And just like for adults, when something is fun and engaging, it becomes more meaningful for children. That is why at the heart of all teaching and learning in the Foundation Stage is play!
”We need to consider that young children learn in quite different ways [than adults]. They learn by comparing physical experiences, by interactions with other people and their own feelings. And they learn an enormous amount through their imagination… Play is what pulls together the logical and creative parts of the brain.Professor Doris FrombergDirector of Early Childhood Teacher Education at Hofstra University
Learn more about the importance of play in children’s development:
Research Outreach: Learning through play: New perspectives on early years development.
family lives: Why play matters
Early Years Matters: Play & Learning
The LEGO Foundation: Why play
The LEGO Foundation in support of UNICEF: Learning through play: Strengthening learning through play in early childhood education programmes
What is Continuous Provision?
Continuous Provision is a term that refers to the learning environment. It includes the resources and materials available to children and areas set up for specific types of activities and experiential learning that stay consistent throughout the year. Importantly, children have space, time, and opportunity to choose what activities they want to engage with. “It should enable children to bring their magic with them into the environment and shape it. Equally, it should create the conditions for collaboration and self-chosen purpose” (Bottrill, 2021).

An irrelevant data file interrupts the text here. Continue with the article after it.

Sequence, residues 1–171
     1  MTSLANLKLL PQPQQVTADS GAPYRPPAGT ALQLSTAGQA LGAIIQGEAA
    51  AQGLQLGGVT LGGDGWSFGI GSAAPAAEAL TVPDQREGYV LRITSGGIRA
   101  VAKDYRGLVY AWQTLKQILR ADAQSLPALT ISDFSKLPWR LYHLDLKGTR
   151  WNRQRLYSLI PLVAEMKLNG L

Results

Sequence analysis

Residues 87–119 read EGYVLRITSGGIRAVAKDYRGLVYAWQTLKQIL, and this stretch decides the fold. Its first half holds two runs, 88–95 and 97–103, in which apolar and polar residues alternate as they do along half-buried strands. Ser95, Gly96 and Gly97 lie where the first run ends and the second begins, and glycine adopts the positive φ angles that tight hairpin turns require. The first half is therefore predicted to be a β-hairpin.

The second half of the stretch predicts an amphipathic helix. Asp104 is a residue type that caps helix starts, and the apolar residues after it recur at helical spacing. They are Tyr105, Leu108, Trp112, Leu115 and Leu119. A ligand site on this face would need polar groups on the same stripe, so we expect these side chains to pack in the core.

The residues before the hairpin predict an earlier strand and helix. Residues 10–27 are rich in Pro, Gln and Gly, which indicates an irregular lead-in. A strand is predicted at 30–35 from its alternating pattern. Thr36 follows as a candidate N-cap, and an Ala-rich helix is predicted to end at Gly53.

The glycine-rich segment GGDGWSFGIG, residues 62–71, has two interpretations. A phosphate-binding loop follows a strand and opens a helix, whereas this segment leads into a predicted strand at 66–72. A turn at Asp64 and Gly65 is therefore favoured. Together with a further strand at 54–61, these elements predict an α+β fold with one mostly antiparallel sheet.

In the Foundation Stage at the BSN, the Continuous Provision extends outside the classroom into the outdoor spaces. The outside environments are designed with the same careful planning as the indoor spaces. Furthermore, students are empowered to move and explore between these areas throughout the day.
”My definition of Continuous Provision is not ‘the provision that is continually out’. It is far more rich and complex than that. If you just put random resources out within your environment, then you are relying on a great deal of luck when it comes to children’s engagement and attainment.
Continuous Provision should ‘continue the provision for learning in the absence of an adult’. What I mean by that is the areas of provision you create should be dictated by need, linked to assessment and broadly levelled so that there is challenge and support in all areas for all children.Alistair Bryce-CleggAn established educational consultant specialising in the Early Years